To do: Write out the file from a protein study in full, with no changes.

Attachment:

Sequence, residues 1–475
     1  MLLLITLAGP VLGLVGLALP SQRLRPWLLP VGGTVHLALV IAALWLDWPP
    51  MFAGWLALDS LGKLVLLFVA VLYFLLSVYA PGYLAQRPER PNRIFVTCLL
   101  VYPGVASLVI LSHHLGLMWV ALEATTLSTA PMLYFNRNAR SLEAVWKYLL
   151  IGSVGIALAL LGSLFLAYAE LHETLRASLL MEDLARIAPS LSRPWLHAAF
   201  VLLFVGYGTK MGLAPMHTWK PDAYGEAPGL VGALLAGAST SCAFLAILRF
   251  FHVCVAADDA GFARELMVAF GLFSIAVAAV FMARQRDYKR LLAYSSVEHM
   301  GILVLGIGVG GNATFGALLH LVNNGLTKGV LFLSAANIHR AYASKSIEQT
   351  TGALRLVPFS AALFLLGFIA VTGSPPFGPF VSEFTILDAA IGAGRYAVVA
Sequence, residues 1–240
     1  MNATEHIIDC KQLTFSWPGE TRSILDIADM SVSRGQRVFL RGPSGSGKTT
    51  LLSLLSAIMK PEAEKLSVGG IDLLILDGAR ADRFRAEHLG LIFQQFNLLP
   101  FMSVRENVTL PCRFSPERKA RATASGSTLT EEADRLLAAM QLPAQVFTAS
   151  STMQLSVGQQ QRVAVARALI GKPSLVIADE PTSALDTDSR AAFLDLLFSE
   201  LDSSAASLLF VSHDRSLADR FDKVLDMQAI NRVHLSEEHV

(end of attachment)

Sequence, residues 1–475
     1  MLLLITLAGP VLGLVGLALP SQRLRPWLLP VGGTVHLALV IAALWLDWPP
    51  MFAGWLALDS LGKLVLLFVA VLYFLLSVYA PGYLAQRPER PNRIFVTCLL
   101  VYPGVASLVI LSHHLGLMWV ALEATTLSTA PMLYFNRNAR SLEAVWKYLL
   151  IGSVGIALAL LGSLFLAYAE LHETLRASLL MEDLARIAPS LSRPWLHAAF
   201  VLLFVGYGTK MGLAPMHTWK PDAYGEAPGL VGALLAGAST SCAFLAILRF
   251  FHVCVAADDA GFARELMVAF GLFSIAVAAV FMARQRDYKR LLAYSSVEHM
   301  GILVLGIGVG GNATFGALLH LVNNGLTKGV LFLSAANIHR AYASKSIEQT
   351  TGALRLVPFS AALFLLGFIA VTGSPPFGPF VSEFTILDAA IGAGRYAVVA
Sequence, residues 1–240
     1  MNATEHIIDC KQLTFSWPGE TRSILDIADM SVSRGQRVFL RGPSGSGKTT
    51  LLSLLSAIMK PEAEKLSVGG IDLLILDGAR ADRFRAEHLG LIFQQFNLLP
   101  FMSVRENVTL PCRFSPERKA RATASGSTLT EEADRLLAAM QLPAQVFTAS
   151  STMQLSVGQQ QRVAVARALI GKPSLVIADE PTSALDTDSR AAFLDLLFSE
   201  LDSSAASLLF VSHDRSLADR FDKVLDMQAI NRVHLSEEHV